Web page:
Abuse can also spike during times of stress, Vining said. As COVID-19 has reached across Montana, hitting more than 300 cases Monday, it's also imposed a financial toll, with more than 51,000 people filing for unemployment because of jobs or wages lost due to the statewide stay-at-home order. That can come on top of the weight of being confined at home, in addition to normal parenting pressure enhanced by children who aren't in school for part of the day.

“Any time stress increases in homes, the risk of child abuse and neglect increases,” Vining said. “The challenges our families are facing don’t just stop because of a pandemic is occurring, and sometimes those stresses can be exacerbated by isolation, financial insecurity, parenting stress. All those things can increase the stress that can lead to child abuse and neglect.”

Many of those who care for children who have been removed from their homes are also navigating a new landscape of FaceTime family visits and explaining to children both very young and in their teens why their day-to-day lives are dramatically changed.

Emma Anderson, the executive director of Watson Children's Shelter in Missoula, said the kids being cared for at the shelters, as well as the staff, are navigating their new reality together and leaning on digital alternatives to in-person interaction, though there are still challenges.

"This new technology that we have access to now allows kids to have face-to-face contact over the computer, and that's especially vital right now. But consider children who are 2 years old, 3 years old. Their capacity to be able to look at a computer screen or have a visit over the phone is really limited," Anderson said.

Skip Rosenthal, executive director of Youth Homes, said his agency and others are anticipating an increase in need for safe places for children as the pandemic persists.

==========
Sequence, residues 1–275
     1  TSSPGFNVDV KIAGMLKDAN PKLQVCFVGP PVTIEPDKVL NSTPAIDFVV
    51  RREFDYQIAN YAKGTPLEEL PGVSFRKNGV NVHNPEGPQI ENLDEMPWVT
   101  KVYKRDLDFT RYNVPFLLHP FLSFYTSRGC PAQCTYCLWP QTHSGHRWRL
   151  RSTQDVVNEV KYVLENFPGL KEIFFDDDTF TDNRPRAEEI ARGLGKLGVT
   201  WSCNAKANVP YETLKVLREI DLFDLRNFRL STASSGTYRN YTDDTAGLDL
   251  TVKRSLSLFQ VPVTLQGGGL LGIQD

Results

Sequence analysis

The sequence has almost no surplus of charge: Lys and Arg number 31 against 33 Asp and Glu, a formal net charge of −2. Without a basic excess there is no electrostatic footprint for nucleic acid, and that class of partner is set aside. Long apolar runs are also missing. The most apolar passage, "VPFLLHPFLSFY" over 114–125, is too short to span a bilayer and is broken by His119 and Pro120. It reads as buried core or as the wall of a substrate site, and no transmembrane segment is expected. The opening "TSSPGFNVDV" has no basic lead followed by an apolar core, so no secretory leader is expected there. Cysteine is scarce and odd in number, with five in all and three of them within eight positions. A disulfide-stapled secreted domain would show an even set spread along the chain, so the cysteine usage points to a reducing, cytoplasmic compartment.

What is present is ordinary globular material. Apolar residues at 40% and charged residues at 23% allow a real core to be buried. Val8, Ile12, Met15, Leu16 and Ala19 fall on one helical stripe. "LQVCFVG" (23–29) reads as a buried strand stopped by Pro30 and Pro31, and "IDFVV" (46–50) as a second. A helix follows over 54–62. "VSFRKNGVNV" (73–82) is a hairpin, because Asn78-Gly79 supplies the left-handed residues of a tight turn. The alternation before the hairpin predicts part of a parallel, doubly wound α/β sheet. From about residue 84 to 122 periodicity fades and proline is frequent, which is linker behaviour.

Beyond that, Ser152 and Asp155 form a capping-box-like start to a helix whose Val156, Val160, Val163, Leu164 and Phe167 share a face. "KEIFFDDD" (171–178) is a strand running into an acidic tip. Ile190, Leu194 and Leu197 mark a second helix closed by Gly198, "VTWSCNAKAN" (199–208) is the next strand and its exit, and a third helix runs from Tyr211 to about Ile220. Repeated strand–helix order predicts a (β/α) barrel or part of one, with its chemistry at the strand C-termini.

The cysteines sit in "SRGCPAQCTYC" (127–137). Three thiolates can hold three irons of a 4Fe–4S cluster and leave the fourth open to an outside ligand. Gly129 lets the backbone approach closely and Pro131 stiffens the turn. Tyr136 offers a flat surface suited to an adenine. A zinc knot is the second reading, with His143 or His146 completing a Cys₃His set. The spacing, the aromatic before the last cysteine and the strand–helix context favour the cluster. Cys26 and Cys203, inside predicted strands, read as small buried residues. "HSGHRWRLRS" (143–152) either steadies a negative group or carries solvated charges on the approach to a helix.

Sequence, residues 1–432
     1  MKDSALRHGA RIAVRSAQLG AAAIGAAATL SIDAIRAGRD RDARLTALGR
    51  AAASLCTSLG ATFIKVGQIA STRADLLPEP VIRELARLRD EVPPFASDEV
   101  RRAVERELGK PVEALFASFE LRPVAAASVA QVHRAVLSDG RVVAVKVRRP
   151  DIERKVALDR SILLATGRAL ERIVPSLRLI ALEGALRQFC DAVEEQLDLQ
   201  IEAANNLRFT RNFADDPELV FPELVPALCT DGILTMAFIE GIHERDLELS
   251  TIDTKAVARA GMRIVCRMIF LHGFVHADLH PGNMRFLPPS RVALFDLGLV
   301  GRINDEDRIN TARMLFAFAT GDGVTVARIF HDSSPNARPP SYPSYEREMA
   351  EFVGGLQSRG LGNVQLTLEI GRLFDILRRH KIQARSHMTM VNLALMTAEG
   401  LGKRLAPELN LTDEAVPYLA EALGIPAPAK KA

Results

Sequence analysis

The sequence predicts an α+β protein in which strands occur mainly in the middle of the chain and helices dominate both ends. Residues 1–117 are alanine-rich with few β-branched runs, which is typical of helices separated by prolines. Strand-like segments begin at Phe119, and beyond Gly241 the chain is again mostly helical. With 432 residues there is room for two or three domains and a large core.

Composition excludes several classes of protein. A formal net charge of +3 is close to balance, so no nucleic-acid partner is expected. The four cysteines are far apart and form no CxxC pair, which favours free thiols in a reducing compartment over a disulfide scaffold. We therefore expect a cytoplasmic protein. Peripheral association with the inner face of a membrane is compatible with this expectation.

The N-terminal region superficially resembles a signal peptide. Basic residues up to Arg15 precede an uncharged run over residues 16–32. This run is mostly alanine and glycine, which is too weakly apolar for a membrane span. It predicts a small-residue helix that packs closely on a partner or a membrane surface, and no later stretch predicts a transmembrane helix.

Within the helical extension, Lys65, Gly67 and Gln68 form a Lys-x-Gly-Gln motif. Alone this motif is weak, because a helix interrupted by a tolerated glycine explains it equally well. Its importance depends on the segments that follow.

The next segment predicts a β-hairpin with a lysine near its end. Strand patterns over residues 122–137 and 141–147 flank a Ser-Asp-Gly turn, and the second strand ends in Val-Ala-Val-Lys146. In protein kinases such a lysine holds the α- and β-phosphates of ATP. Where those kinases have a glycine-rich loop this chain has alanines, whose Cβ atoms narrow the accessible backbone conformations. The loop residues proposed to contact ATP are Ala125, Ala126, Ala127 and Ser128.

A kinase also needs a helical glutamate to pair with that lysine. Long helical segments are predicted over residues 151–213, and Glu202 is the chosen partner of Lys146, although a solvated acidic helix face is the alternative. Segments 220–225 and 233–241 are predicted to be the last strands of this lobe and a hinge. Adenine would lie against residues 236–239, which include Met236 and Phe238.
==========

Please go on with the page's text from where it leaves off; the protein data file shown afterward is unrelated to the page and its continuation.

“We are operating under the assumption that as this thing goes on, it will increase some of the stressors that families have,” Rosenthal said. “We’re operating under the assumption times will be stressful and the need to be available to these families and keep them engaged and supported will be heightened.”

Vining emphasized that child protection specialists are still doing their jobs, equipped with personal protective equipment and training on how to use it.

“The way we respond to child abuse and neglect really has not changed,” Vining said. “We still go out to the home and we investigate allegations. … We are still in homes to monitor child home visits and protection plans where we have children placed in the home.”

Child protection specialists are considered essential workers under the stay-at-home order issued by Bullock and by law must continue investigating reports of child abuse and neglect made to the hotline.

Some other operations have changed, such as family visitations conducted over Skype or FaceTime, if that's an option.

In some parts of the state, protection workers have joined with schools to stay in touch with students, such as in Glasgow, where workers are helping deliver lunches to children in rural areas.